Thank you, Mr. President, oh, yes we are.
Each year Armenians wait to see how the leader of the free world will describe the events of April 24, 1915, with hope in our hearts that his pre-election promise will be fulfilled with a declaration that the egregious events that took place in the Ottoman Empire and later Republic of Turkey constituted a genocide.
Our fellow Christian minorities, the Greeks and the Assyrians who suffered the same fate, are waiting too. Again this year, it was too much to hope for, but what does stand out in our president’s statement is his description of the Armenian character: “Armenians are resilient,” he declared.
We’ll take credit for that; we deserve his apt assessment of the Armenian character.
What kind of people are the Turks who ripped open the stomach of an expectant mother while gleefully displaying the unborn fetus on the tip of their sword, bearing gleaming teeth and a lascivious grin? Who can forget the knock on their door when their father and brother were hastily taken away to the edge of the village and killed? Who can forget young Armenian girls trying to escape to the barley fields, chased on horseback by savages bearing down on her determined to rape the gouys (maiden) and or carry her off to forcibly become his bride, bear his children, and accept Islam. Run, scream, try to hide, watch as they nailed the local priest to the church’s front door. Try to run east to the Russian border if you can; travel by nightfall to get to a missionary orphanage, or try to get to Batoum to escape the unspeakable horror.
History cannot be rewritten; the Turks are undeniably guilty. Gradually more and more of their present-day population are becoming aware of their sinful past.
Perhaps “resilient” is just not enough to describe what those that escaped and survived suffered mentally.
It was the Armenian immigrant generation of that genocide who witnessed women and girls throwing themselves off mountain cliffs to their death rather than be captured by Turks or their accomplices, the Kurds.
It was their eyes that saw rivers running red with the blood of their people, rivers that also became jammed with the bodies of Armenians drowned by force or by their own choice.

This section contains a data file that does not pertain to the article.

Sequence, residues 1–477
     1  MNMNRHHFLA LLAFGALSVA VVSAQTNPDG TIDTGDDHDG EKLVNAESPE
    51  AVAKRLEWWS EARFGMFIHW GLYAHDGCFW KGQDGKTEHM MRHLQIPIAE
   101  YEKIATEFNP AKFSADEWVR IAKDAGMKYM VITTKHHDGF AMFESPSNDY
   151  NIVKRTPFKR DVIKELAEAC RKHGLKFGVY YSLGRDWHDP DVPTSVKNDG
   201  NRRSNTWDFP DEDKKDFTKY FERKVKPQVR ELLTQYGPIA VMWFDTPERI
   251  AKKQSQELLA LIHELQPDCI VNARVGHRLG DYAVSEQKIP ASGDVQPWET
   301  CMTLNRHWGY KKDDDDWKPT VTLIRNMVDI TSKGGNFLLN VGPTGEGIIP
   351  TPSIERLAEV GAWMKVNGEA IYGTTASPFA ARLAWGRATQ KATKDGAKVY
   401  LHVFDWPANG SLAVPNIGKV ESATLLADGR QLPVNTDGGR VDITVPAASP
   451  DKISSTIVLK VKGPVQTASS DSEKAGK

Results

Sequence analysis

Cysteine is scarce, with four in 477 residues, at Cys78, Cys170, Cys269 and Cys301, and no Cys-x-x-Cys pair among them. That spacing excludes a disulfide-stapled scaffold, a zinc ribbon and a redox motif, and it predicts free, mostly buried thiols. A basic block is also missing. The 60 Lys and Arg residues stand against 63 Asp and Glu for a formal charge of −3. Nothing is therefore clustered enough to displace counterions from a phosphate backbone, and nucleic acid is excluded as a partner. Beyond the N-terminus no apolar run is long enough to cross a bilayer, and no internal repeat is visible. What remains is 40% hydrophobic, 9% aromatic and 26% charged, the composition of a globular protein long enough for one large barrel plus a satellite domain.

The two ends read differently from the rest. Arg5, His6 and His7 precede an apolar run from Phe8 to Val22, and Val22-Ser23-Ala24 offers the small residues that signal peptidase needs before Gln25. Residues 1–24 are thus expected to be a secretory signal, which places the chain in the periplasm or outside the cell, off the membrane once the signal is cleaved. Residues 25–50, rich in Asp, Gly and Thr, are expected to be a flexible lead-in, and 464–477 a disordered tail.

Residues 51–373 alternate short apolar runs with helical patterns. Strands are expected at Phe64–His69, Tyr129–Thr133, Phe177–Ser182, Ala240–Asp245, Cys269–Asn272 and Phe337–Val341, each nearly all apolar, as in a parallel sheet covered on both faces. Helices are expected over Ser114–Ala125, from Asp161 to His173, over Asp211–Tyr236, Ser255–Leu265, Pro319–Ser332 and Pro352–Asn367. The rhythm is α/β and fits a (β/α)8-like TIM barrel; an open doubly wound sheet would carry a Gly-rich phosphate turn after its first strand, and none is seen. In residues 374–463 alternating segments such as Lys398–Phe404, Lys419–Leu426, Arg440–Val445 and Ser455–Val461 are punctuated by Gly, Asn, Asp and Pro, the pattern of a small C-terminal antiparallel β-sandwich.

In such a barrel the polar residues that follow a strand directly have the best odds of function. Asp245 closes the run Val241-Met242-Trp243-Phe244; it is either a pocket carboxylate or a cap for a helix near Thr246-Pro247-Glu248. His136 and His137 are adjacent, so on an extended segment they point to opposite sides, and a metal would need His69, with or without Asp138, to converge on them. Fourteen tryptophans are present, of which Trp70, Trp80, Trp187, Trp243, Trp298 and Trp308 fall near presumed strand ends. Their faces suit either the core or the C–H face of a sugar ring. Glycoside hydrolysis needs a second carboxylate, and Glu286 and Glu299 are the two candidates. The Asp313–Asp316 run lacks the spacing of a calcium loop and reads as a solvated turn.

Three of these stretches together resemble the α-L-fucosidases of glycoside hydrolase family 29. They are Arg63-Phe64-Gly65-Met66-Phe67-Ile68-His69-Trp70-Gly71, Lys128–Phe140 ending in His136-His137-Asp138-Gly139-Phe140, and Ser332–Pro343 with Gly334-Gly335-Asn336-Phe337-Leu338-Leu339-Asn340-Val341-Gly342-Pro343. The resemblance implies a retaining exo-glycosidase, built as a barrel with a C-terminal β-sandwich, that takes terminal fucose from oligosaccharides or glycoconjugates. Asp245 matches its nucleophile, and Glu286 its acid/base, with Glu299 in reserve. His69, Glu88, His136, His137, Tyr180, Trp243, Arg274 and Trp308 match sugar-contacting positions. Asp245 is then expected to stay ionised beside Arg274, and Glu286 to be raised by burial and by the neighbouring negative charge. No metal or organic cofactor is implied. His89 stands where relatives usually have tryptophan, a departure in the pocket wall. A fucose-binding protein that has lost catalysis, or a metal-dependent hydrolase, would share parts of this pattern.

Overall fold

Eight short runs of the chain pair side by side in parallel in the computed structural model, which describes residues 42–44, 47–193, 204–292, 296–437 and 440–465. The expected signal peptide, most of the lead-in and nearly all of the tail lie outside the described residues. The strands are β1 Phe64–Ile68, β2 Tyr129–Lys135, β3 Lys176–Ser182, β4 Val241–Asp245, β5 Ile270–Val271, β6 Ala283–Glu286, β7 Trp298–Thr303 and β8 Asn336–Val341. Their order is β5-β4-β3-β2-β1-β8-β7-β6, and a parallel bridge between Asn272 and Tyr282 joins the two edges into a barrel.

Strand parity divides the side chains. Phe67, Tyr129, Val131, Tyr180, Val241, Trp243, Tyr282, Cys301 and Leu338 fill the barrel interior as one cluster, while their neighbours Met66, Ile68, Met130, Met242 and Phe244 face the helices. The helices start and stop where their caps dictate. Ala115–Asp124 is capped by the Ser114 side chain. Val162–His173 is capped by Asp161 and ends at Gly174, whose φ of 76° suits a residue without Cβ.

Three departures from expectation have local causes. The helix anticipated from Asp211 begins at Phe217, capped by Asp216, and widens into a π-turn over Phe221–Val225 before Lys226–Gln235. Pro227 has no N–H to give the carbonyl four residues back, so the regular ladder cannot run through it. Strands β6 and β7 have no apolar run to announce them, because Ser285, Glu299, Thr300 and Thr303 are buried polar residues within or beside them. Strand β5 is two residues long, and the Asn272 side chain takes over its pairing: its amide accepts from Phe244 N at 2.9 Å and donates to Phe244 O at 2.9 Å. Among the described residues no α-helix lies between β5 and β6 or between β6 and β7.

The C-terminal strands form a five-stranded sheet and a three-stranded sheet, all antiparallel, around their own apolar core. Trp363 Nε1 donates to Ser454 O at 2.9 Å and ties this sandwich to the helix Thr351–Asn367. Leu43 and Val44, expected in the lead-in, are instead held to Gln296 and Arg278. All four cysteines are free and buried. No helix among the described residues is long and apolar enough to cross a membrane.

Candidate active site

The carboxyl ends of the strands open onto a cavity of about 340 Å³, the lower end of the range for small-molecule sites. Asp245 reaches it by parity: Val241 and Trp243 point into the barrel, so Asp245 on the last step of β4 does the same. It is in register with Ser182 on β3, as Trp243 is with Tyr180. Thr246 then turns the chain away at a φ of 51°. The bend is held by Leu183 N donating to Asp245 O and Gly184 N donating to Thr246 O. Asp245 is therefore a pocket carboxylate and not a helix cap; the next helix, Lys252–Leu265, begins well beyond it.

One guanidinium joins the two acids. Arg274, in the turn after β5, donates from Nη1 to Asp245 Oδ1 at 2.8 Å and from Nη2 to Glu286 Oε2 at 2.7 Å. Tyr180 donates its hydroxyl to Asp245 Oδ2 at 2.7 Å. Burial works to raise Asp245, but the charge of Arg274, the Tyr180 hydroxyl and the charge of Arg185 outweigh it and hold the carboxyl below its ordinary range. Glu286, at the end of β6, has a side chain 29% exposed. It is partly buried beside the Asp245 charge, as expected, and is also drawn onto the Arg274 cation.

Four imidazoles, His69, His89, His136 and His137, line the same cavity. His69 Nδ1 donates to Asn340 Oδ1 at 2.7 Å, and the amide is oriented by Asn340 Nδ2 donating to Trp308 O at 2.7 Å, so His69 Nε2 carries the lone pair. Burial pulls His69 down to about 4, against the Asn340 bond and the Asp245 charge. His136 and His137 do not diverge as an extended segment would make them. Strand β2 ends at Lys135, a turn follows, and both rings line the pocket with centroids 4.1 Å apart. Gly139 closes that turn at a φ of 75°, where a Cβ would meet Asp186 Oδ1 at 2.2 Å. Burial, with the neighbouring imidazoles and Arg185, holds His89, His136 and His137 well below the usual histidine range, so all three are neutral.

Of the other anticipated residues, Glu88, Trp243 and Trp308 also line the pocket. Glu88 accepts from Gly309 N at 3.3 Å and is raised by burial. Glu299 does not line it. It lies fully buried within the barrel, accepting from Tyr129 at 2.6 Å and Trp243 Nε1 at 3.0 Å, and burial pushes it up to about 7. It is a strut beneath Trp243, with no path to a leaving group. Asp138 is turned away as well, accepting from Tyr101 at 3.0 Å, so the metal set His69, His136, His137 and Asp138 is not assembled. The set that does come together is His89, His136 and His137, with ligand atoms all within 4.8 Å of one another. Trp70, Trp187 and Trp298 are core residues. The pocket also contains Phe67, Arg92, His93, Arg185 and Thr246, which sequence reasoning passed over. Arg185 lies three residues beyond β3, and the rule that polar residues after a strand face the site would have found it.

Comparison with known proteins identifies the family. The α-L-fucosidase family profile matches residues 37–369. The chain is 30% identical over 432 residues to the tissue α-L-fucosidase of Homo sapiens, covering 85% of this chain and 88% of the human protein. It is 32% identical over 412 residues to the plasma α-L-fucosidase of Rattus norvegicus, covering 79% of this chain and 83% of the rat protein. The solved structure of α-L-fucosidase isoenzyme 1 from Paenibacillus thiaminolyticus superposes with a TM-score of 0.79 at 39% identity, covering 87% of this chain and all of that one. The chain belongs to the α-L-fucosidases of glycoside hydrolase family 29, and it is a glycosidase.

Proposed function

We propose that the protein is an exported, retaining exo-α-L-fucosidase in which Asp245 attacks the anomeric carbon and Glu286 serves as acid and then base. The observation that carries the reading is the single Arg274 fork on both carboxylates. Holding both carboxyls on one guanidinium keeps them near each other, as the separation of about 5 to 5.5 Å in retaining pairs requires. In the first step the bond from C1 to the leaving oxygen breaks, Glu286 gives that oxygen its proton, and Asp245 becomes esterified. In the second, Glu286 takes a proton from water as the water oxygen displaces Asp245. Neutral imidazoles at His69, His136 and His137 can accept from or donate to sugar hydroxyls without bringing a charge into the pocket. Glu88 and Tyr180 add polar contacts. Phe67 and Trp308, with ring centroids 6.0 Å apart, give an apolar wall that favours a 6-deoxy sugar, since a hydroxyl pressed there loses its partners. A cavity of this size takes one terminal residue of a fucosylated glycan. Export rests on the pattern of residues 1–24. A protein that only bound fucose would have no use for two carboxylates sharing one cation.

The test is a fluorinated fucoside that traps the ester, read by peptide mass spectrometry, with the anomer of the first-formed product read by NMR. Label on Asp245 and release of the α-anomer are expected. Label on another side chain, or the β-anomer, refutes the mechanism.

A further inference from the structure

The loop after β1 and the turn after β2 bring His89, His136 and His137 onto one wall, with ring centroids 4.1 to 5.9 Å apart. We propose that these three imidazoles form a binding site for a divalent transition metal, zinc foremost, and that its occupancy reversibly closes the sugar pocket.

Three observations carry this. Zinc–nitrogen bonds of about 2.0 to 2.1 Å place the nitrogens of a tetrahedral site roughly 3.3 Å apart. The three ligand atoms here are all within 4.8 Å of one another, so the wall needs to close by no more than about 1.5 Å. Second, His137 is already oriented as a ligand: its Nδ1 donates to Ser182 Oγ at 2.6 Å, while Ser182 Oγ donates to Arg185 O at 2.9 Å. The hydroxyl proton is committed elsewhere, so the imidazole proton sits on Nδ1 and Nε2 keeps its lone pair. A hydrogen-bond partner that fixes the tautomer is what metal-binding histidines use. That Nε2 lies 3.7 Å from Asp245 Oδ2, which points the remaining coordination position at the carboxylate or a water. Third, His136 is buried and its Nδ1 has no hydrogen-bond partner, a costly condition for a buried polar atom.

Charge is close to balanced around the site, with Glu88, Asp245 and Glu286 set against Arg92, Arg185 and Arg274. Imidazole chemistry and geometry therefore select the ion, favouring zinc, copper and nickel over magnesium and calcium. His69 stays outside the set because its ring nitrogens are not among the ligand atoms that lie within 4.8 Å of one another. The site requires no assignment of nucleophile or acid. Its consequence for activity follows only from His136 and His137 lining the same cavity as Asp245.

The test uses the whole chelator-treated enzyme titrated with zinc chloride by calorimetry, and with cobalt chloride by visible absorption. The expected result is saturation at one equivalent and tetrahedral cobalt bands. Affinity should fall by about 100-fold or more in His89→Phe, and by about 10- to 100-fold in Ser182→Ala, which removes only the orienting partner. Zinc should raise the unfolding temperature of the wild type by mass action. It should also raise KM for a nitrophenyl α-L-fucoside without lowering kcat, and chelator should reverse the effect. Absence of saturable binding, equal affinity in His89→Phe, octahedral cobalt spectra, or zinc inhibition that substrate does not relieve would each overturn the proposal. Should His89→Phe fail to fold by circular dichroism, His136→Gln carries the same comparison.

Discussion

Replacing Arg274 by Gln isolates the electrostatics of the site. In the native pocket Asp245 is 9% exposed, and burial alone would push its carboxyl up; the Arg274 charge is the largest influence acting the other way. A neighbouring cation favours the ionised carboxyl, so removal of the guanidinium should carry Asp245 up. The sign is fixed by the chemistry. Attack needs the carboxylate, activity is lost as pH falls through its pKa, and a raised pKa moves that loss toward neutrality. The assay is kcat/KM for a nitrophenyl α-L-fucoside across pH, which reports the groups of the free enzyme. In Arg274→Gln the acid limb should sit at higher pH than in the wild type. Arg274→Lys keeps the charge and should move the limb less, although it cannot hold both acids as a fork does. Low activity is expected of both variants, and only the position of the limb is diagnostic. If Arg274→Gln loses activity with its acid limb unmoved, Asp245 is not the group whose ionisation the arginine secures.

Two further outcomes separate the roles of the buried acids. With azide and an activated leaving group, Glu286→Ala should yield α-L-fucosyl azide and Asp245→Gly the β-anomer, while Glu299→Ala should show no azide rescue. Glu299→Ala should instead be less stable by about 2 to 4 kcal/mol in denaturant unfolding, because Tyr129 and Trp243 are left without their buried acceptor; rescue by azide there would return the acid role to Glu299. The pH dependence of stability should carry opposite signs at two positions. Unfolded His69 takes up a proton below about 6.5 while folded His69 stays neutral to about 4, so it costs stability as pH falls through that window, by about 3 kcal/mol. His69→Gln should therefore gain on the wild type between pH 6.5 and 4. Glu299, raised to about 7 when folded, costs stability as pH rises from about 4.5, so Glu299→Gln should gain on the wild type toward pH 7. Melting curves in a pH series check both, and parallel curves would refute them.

Yes, Mr. President, we became “resilient,” maintaining our sanity, perhaps “resilient” even to a fault. Do records exist revealing the anguish, the mental state—even madness—foisted on the Armenians because of the Ottoman Turks’ hatred of their Christian minority? How many Armenians suffered the madness that befell Komitas Vartabed, whose statue in downtown Detroit on Jefferson Avenue so perfectly describes his identification with the slaughter and plight of his beloved Armenian people?
The Turks instilled one thing in the Armenian mindset, Mr. President: the blinding force to survive as a nation of people in order to seek JUSTICE.
Exiled, deported, stripped of dignity, a homeland, fathers, mothers, sisters, brothers, and extended family, these “resilient” Armenians who were fortunate to escape a “Turkey for Turks” landed in all parts of the world, toiling to make a life for themselves by working in factories and sweatshops.
Some opened restaurants, barber shops, grocery stores, without any knowledge of the local language. It was sheer determination—not as victims but as human beings now living in a free society.
They made it, and many children of the first generation born in America in the early 1920’s, for instance, became educated as doctors, lawyers, teachers, and industrialists, and became prosperous enough to contribute to the political campaign funds for those running for Congress and, yes, even the prestigious office of the president of the United States.
They were “resilient” enough to build fine Armenian churches, community centers, committed to the perpetuation of Armenian-ness far away from the homeland.
“Resilience” became the mindset for survival above all odds. It became the Armenian determination to fight for justice, recognition, and restitution for the genocide. We are not forgetting the dark years that preceded April 24—the slaughter of Armenians by Sultan Hamid in 1894, whose murder was protested by Krikor Zohrab in the parliament in 1909.
Our architecturally beautiful ancient churches are battered, riddled with bullet holes from Turkish guns, and crumbling to the ground in decay.
Armenians must remain alert, educated, patriotic, and dedicated to the Armenian Cause.
On the positive side, the exile of Armenians from the homeland enabled them to multiply and flourish peacefully like beautiful perennial flowers, to forever remain rooted in God’s world with the ability even after 4,000 years of existence in Armenia and all over the earth to proclaim with pride and “resilience”: Yes, Hye em, I am of Armenian heritage, “they” only made us stronger, Mr. President.